Company bosses urged to make customer experience a matter of corporate governance

2nd Mar 2018

The Institute of Customer Service has urged companies to prioritise customer experience alongside employee engagement if they want to boost revenues.

The call comes after The Institute welcomed proposed changes to the UK Corporate Governance Code that acknowledge the importance of companies engaging with their workforce.

However, The Institute believes that customers should also be identified as important stakeholders by the code, and that customer experience should be explicitly recognised as a boardroom issue.

Institute research shows that over a period of five to eight years, organisations whose customer satisfaction averaged at least one point better than their sector – on the 100-point scale of the UK Customer Satisfaction Index (UKCSI) – achieved average compound turnover growth of 4.7%, compared to 3.5% for those with lower than average customer satisfaction.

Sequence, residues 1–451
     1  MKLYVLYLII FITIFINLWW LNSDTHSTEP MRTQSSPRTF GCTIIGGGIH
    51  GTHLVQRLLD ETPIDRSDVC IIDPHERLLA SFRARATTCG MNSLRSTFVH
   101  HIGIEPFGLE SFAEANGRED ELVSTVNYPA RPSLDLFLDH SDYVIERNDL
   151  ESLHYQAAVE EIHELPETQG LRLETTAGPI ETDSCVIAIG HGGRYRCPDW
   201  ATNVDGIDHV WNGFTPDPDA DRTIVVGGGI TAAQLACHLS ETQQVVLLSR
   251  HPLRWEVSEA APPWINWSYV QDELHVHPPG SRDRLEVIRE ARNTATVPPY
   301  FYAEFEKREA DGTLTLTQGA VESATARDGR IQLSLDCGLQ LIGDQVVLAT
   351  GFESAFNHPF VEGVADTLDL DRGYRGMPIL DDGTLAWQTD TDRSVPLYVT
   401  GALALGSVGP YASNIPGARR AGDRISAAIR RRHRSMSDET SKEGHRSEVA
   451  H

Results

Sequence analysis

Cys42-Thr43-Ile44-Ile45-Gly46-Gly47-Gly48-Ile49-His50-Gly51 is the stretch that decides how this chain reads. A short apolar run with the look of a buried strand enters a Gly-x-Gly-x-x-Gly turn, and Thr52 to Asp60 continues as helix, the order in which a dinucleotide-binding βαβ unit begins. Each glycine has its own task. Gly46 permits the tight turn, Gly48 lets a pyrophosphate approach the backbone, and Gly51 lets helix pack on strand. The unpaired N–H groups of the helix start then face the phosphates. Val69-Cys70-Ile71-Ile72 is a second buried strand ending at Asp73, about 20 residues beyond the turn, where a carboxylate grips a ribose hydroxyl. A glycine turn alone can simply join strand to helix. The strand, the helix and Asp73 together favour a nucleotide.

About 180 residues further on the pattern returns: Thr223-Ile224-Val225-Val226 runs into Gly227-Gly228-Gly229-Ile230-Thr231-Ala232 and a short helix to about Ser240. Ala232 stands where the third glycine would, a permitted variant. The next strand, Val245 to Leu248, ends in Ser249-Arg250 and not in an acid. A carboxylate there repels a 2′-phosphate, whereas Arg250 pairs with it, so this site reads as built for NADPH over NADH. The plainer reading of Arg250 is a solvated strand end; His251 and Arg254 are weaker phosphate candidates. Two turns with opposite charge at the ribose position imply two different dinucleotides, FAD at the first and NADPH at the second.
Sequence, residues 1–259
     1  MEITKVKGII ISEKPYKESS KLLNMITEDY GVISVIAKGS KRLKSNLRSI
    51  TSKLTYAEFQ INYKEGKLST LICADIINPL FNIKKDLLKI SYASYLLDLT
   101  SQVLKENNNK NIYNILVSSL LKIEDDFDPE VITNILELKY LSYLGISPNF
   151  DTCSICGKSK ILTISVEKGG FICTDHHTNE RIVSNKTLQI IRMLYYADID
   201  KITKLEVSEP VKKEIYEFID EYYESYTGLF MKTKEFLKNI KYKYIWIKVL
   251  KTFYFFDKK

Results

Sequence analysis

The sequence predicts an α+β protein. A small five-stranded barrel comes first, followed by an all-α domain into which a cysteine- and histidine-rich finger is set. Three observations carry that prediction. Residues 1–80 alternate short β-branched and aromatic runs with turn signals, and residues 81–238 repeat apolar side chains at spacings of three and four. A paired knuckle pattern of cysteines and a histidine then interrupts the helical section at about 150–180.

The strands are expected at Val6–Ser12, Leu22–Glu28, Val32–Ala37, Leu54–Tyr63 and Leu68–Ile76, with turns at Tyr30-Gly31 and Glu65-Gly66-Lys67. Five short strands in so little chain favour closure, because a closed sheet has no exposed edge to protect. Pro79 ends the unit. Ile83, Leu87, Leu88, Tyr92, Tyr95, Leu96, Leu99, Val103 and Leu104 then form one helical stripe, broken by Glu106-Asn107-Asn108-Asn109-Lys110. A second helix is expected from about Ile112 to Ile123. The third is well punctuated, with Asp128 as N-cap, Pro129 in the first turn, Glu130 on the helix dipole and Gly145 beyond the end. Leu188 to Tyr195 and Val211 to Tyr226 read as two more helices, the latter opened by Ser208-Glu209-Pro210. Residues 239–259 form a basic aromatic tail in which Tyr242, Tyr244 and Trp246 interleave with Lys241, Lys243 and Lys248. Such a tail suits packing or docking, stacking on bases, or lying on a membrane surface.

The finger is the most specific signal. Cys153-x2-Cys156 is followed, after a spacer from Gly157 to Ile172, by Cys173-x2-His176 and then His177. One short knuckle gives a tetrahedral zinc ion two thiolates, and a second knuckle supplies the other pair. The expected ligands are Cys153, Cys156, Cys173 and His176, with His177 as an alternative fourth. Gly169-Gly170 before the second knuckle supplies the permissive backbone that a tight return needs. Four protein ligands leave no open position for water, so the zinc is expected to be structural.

They have also seen a boost to productivity with a 114% larger rise in revenue per employee. Research also shows that 67% of customers who had a great experience with an employee say they will buy again from that organisation – compared to 11% for those who had a bad experience.

Given the link between employee engagement, customer satisfaction and business performance, The Institute believes the code should stipulate that companies have appropriate customer experience expertise and accountability at board level. And customer experience strategy and results should be included in annual reports and accounts.

The Institute says the code should also set out that employees should feel listened to, be involved in decisions that affect them, and empowered to contribute ideas that improve customer experiences and organisational performance.

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